A party may through interrogatories require any other party to identify each person whom the other party expects to call as an expert witness at trial, to state the subject matter on which the expert is expected to testify, and to state the substance of the facts and opinions to which the expert is expected to testify and a summary of the grounds for each opinion.

    If a party fails to adhere to the standards of Rule 26(b), the district court may, in its discretion, bar the party from presenting that expert's testimony. Blumenfeld v. Stuppi, 921 F.2d 116, 117 (7th Cir.1990).

    The text of Rule 26(b)(4) would appear to require the disclosure of all persons who would provide expert testimony at trial. However, the Advisory Committee Notes and cases interpreting the rule apply a more narrow interpretation. Specifically, the Notes state that "the subdivision does not address itself to the expert whose information was not acquired in preparation for trial but rather because he was an actor or viewer with respect to transactions or occurrences that are part of the subject matter of the lawsuit. Such an expert should be treated as an ordinary witness." Fed.R.Civ.P. 26(b)(4)(A), Advisory Committee Note. Consequently, an expert need not be identified if he was "a viewer or actor with regard to the disputed question." Jenkins v. Whittaker Corp., 785 F.2d 720, 728 (9th Cir.), cert. denied, 479 U.S. 918, 107 S.Ct. 324, 93 L.Ed.2d 296 (1986). 2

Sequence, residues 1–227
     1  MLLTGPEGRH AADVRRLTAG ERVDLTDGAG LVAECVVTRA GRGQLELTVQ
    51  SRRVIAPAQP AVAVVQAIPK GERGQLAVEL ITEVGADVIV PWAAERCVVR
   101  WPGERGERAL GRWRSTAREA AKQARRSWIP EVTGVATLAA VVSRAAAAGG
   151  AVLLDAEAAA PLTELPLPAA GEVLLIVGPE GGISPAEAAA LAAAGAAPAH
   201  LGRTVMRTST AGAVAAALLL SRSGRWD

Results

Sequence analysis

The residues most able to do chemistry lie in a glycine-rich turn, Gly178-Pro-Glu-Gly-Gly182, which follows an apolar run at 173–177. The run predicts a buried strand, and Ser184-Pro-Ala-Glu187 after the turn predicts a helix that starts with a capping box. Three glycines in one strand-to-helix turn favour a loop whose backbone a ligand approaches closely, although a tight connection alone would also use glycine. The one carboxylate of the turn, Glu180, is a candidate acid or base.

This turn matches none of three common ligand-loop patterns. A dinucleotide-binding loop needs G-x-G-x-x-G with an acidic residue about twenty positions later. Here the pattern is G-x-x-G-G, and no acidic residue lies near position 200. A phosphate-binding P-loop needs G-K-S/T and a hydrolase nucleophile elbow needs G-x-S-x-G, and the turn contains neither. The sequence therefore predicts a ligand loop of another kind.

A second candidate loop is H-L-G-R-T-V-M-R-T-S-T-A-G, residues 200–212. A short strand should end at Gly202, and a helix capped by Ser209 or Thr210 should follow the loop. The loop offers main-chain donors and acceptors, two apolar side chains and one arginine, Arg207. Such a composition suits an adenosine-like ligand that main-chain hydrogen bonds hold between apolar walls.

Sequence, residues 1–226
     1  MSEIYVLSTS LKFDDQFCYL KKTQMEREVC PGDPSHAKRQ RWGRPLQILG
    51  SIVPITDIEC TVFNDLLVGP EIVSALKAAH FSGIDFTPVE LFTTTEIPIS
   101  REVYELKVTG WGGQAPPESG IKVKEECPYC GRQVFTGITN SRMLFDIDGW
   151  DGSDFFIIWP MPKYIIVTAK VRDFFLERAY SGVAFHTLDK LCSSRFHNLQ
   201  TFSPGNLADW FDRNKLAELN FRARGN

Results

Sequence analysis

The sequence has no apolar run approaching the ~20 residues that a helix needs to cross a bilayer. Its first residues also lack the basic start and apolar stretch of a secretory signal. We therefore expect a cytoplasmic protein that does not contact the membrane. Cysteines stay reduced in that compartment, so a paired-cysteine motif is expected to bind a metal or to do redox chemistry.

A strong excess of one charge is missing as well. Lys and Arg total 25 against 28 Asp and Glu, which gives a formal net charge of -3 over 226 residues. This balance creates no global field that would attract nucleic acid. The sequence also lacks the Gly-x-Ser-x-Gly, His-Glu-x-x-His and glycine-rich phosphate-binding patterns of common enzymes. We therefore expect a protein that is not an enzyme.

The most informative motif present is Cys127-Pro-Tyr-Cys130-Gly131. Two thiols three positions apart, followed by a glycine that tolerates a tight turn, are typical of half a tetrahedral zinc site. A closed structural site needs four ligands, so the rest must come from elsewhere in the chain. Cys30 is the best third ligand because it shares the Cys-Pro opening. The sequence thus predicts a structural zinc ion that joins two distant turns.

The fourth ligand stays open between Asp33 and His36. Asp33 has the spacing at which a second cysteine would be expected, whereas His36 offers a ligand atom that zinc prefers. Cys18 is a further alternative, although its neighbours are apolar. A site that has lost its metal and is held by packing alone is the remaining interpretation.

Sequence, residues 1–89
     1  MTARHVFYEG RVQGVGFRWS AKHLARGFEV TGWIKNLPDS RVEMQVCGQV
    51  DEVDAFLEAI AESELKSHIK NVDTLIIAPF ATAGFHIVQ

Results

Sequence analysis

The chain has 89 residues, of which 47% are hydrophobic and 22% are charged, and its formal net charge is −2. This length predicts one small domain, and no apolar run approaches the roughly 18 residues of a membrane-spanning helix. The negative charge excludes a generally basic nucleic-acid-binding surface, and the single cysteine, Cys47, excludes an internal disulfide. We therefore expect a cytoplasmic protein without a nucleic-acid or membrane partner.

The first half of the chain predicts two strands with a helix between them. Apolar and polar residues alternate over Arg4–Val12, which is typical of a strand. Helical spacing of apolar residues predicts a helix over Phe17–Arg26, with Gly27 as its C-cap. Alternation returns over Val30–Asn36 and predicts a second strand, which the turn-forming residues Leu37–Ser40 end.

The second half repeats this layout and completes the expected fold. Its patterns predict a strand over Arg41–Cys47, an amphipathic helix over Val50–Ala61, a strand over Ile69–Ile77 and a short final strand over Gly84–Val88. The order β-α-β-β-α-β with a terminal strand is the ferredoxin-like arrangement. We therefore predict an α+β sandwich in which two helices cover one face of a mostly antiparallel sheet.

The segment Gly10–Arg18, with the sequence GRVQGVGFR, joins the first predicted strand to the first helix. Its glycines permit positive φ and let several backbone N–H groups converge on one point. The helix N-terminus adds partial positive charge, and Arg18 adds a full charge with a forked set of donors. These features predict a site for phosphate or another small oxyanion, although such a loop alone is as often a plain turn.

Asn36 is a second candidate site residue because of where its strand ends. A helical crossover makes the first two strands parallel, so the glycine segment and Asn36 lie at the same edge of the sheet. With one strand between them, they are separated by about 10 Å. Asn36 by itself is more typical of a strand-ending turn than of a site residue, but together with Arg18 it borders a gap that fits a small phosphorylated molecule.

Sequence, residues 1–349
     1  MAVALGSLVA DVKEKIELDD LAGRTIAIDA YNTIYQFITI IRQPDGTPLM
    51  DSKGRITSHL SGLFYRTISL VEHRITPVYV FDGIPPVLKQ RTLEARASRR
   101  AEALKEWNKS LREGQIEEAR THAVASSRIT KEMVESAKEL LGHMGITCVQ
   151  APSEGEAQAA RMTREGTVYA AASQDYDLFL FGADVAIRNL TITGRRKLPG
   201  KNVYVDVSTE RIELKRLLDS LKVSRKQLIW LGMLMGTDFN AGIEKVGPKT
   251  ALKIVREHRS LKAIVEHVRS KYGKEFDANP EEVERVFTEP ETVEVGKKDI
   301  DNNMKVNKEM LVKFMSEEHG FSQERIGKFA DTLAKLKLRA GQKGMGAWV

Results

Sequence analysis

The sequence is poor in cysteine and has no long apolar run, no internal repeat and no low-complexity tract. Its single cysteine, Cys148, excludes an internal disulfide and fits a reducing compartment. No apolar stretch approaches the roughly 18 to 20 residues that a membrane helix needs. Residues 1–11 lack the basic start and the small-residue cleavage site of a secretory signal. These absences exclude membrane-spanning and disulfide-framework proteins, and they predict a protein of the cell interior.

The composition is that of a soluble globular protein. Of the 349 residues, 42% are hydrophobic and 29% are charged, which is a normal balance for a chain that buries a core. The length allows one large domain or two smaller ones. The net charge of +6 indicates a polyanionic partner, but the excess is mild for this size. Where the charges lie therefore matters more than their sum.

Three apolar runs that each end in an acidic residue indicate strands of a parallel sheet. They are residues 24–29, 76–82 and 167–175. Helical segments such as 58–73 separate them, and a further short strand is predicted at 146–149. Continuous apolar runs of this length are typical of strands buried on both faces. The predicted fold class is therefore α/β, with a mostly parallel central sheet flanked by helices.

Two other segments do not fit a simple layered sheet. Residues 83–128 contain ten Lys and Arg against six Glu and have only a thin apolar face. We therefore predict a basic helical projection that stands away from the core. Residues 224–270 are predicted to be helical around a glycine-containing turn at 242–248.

Page 218

    We must decide whether Drs. Susarla and Robin acquired their opinions about the correct duty of care directly...

To continue reading